MedPAC: Overhaul Medicare Quality Programs

Medicare would implement major changes in its hospital quality programs under a proposal approved by the Medicare Payment Advisory Commission.

Fierce Healthcare reports that the proposal adopted by MedPAC for recommendation to Congress and the Centers for Medicare & Medicaid Services

…would essentially lump together several existing programs that measure quality—the Hospital Readmissions Reduction Program, the Hospital Value-Based Purchasing Program and the Hospital-Acquired Condition Reduction Program—into the Hospital Value Incentive Program (HVIP). 

It would also eliminate the existing Inpatient Quality Reporting Program.

Under the MedPAC proposal,

Performance across five domains—readmissions, mortality, spending, patient experience and hospital-acquired conditions—would be converted to HVIP “points.” Those points would be used to distribute the pool of funds instead of penalizing hospitals as the current system does. 

MedPAC estimates that hospitals might experience a 3.3 percent net increase in Medicare payments under its proposal; the current, multi-program approach would yield as much as a 2.8 percent increase.

MedPAC will encourage Congress and CMS to act quickly and implement its proposal in 2020.

Private safety-net hospitals have not always felt fairly treated by some of these quality programs, maintaining that their patients face socio-economic obstacles that make them more challenging to serve than the patients most community hospitals serve and that comparisons with most community hospitals – often the basis for quality ratings and either financial penalties or rewards – are inappropriate.

MedPAC is an independent congressional agency that advises Congress on issues involving the Medicare program.  While its recommendations are not binding on either Congress or the administration, MedPAC is highly influential in governing circles and its recommendations often find their way into legislation, regulations, and new public policy.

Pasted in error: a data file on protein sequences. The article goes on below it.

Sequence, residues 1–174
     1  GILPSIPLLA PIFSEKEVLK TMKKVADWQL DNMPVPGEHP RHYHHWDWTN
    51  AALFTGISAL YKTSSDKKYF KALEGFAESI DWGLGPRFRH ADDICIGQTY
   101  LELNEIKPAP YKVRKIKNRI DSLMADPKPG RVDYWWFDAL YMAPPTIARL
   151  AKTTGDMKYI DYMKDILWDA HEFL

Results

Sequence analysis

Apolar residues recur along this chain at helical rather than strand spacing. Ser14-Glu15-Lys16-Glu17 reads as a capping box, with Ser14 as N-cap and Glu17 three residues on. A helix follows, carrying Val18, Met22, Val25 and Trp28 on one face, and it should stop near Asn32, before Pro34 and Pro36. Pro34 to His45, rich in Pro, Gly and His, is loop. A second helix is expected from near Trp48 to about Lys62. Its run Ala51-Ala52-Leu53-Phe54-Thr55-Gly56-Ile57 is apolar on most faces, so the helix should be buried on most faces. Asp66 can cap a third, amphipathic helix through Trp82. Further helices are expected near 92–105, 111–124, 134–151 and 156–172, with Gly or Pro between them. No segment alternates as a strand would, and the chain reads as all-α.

Learn more about the MedPAC hospital quality proposal and other recent MedPAC proposals in the Fierce Healthcare article “MedPAC recommends overhaul to Medicare’s hospital quality programs.”

MedPAC Mulls Direct Billing for Nurse Practitioners, Physician Assistants

Medicare would permit nurse practitioners and physician assistants to bill directly for their services under a proposal being considered by the Medicare Payment Advisory Commission.

Currently such services are billed as “incident to” physician services, but according to a report in Becker’s Hospital Review,

MedPAC staff told commissioners there are problems with “incident to” billing because it “obscures policymakers’ knowledge of who is providing care for beneficiaries,” “inhibits accurate valuation of fee schedule services,” and “increases Medicare beneficiary spending.”  Staff also said that physician assistants and nurse practitioners increasingly practice outside of primary care.

MedPAC is an independent congressional agency that advises Congress on issues involving the Medicare program.  While its recommendations are not binding on either Congress or the administration, MedPAC is highly influential in governing circles and its recommendations often find their way into legislation, regulations, and new public policy.

MedPAC commissioners are expected to vote on the recommendation next month.

Learn more about the billing recommendation in this article in Becker’s Hospital Review.

MedPAC Meets

Last week the Medicare Payment Advisory Commission met in Washington, D.C. to discuss a number of Medicare payment issues.

The issues on MedPAC’s December agenda were:

  • Medicare payments for physician and other health professionals services
  • payments for ambulatory surgical centers
  • payments for hospital inpatient and outpatient care
  • Medicare’s hospital quality incentive program
  • payments for skilled nursing facilities
  • payments for long-term care hospitals
  • payments for inpatient rehabilitation facilities
  • the Medicare Advantage program

MedPAC is an independent congressional agency that advises Congress on issues involving the Medicare program.  While its recommendations are not binding on either Congress or the administration, MedPAC is highly influential in governing circles and its recommendations often find their way into legislation, regulations, and new public policy.

Go here for links to the policy briefs and presentations that supported MedPAC’s discussion of these issues.